This is the result of a long-term study by ARD and ZDF on the subject of mass communication, which was published on Thursday. The increasing reception of video and audio content as well as articles on the Internet is therefore part of everyday life for more and more people.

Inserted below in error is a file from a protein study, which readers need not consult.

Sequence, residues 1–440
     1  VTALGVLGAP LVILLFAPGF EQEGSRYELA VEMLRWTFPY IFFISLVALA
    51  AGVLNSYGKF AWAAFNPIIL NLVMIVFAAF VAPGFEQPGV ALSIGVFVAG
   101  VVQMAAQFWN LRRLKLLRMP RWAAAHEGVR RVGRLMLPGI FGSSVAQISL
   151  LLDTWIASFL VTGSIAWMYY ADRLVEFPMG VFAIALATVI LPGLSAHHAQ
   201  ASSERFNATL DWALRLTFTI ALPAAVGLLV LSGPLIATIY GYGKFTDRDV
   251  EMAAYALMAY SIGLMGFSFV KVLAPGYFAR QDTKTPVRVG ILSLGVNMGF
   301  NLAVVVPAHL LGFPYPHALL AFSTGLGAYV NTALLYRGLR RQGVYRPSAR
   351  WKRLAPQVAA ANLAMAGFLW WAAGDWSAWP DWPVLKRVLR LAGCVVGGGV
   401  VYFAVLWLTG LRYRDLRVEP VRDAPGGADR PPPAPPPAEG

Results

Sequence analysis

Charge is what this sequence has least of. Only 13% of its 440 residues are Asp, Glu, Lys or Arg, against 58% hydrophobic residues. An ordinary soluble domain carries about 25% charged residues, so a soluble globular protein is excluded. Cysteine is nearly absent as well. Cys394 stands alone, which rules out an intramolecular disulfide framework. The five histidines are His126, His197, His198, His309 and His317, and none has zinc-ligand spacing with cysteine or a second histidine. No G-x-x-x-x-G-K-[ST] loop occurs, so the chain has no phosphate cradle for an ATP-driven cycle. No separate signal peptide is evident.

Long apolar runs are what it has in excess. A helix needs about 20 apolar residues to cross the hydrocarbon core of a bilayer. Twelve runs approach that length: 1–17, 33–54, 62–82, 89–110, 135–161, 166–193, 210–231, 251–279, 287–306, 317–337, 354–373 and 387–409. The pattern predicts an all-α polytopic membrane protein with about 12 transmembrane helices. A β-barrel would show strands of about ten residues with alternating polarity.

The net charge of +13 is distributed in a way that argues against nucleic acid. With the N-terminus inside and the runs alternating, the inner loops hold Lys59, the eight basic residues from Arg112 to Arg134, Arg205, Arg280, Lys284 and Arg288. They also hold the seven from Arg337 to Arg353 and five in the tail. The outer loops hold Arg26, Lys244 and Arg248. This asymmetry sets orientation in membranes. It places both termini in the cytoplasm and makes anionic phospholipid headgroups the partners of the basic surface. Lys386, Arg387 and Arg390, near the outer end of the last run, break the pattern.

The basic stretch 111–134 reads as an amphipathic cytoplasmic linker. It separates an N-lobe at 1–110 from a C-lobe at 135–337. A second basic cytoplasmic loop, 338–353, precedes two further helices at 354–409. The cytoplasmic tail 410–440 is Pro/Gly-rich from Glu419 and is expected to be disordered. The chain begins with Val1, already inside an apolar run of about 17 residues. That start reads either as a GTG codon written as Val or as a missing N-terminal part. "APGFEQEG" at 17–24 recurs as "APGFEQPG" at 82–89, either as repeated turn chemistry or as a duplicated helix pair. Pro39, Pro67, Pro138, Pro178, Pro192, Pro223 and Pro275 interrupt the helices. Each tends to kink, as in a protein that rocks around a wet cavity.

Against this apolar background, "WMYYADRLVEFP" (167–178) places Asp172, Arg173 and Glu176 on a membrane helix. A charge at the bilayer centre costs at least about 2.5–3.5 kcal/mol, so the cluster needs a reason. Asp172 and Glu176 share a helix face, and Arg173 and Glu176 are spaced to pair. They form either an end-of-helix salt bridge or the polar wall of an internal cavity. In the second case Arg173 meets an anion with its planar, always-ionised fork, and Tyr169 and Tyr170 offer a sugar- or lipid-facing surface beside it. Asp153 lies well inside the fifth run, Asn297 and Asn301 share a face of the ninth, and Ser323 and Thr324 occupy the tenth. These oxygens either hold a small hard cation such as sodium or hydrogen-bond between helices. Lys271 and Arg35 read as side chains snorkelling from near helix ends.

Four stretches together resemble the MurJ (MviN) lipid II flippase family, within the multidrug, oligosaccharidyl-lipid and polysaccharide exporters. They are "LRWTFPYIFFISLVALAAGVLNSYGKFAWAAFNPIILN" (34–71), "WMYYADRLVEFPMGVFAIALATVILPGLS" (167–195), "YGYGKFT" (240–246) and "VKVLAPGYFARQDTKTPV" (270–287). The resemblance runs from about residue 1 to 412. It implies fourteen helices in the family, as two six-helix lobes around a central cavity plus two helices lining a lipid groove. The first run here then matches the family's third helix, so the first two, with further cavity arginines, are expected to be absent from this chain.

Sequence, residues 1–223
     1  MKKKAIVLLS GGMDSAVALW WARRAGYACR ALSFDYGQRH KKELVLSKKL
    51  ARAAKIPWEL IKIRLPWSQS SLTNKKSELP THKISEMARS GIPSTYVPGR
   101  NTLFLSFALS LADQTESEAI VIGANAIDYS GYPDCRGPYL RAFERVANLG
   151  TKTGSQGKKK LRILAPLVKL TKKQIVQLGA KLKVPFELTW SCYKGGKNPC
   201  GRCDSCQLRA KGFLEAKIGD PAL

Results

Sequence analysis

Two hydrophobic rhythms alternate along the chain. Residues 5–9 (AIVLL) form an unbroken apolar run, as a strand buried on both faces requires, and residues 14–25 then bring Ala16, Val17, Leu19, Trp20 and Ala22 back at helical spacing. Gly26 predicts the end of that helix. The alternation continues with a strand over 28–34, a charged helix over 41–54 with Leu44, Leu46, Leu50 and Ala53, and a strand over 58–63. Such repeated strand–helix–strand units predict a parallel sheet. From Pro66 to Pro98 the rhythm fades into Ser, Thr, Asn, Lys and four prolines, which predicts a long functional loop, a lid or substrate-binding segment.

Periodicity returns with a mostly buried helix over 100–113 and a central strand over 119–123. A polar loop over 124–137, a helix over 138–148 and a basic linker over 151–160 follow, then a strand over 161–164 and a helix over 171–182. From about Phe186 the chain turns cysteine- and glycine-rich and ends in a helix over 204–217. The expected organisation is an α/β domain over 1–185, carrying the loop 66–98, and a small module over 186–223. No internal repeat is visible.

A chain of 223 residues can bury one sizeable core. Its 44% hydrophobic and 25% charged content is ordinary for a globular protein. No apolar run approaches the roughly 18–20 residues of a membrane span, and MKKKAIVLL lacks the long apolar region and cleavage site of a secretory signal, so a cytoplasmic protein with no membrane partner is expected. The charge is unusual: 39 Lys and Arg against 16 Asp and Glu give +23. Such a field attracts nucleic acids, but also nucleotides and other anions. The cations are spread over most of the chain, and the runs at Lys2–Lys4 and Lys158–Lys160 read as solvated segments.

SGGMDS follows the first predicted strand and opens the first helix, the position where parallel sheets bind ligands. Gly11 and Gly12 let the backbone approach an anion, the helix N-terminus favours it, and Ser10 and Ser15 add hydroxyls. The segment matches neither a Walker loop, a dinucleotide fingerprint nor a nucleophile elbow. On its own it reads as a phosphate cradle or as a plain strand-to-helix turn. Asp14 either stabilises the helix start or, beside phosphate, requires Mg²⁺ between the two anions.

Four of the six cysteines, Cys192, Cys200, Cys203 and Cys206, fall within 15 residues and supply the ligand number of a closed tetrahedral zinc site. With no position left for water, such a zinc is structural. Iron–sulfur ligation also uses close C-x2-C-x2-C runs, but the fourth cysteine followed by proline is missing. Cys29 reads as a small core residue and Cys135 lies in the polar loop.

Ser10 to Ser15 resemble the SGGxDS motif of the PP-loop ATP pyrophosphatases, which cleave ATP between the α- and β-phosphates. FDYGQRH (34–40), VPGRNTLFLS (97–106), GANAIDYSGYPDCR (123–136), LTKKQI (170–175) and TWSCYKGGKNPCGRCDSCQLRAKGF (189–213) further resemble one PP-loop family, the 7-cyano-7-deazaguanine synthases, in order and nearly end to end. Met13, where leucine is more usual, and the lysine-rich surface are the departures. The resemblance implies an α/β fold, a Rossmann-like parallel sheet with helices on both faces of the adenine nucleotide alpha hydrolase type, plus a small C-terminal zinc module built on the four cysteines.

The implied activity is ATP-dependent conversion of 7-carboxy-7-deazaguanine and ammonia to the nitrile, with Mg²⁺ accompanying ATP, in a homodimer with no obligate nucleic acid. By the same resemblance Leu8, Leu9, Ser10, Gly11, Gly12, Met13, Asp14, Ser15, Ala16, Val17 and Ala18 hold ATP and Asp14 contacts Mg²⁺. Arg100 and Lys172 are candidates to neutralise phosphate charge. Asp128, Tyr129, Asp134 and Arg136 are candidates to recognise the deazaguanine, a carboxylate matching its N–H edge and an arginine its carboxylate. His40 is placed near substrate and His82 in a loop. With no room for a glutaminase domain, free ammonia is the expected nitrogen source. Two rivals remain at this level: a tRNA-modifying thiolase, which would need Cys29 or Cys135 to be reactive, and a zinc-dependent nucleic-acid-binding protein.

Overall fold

The shifts in reach from linear television to video streaming services and YouTube are only slight compared to the previous year, based on the total population. The younger the user, the stronger the trend towards predominantly entertainment-oriented video usage on the Internet. The broadcasters' media libraries benefit from the general trend and are gaining popularity in all age groups. According to the study, the overall top audio offerings are linear radio programs. However, music streaming services and YouTube have left radio stations behind in terms of reach and duration of use among the under 30s. The corona pandemic, which fell in the middle of the survey period for the study, was an outstanding news event and led to increased demand for "editorial information that was perceived as credible," according to ARD and ZDF. Viewing television content on TV or videos in broadcast media libraries, on platforms such as YouTube or with video streaming services is the most widespread form of reception: With a total daily range of 86 percent, moving images are just ahead of radio or other audio content (82 percent). Articles and reports - whether in newspapers, magazines, on websites or on social media - or books are read by an average of 47 percent of the population each day. Almost half of the total media usage time (424 minutes) is accounted for by moving image content with a net 213 minutes (+9 minutes compared to 2019), followed by audio (179 minutes, -7 minutes) and articles (53 minutes, -1 minute). During the Corona lockdown, the use of moving images increased the most; audio use fell slightly due to the fact that commuting was no longer necessary due to short-time working and working from home, especially during "drive time". The data of the long-term study are based on a dual-frame sample of a total of 3.003 German-speaking people aged 14 and over in Germany. The study was carried out by the GIM Institute and lasted from the end of January to the end of April 2020.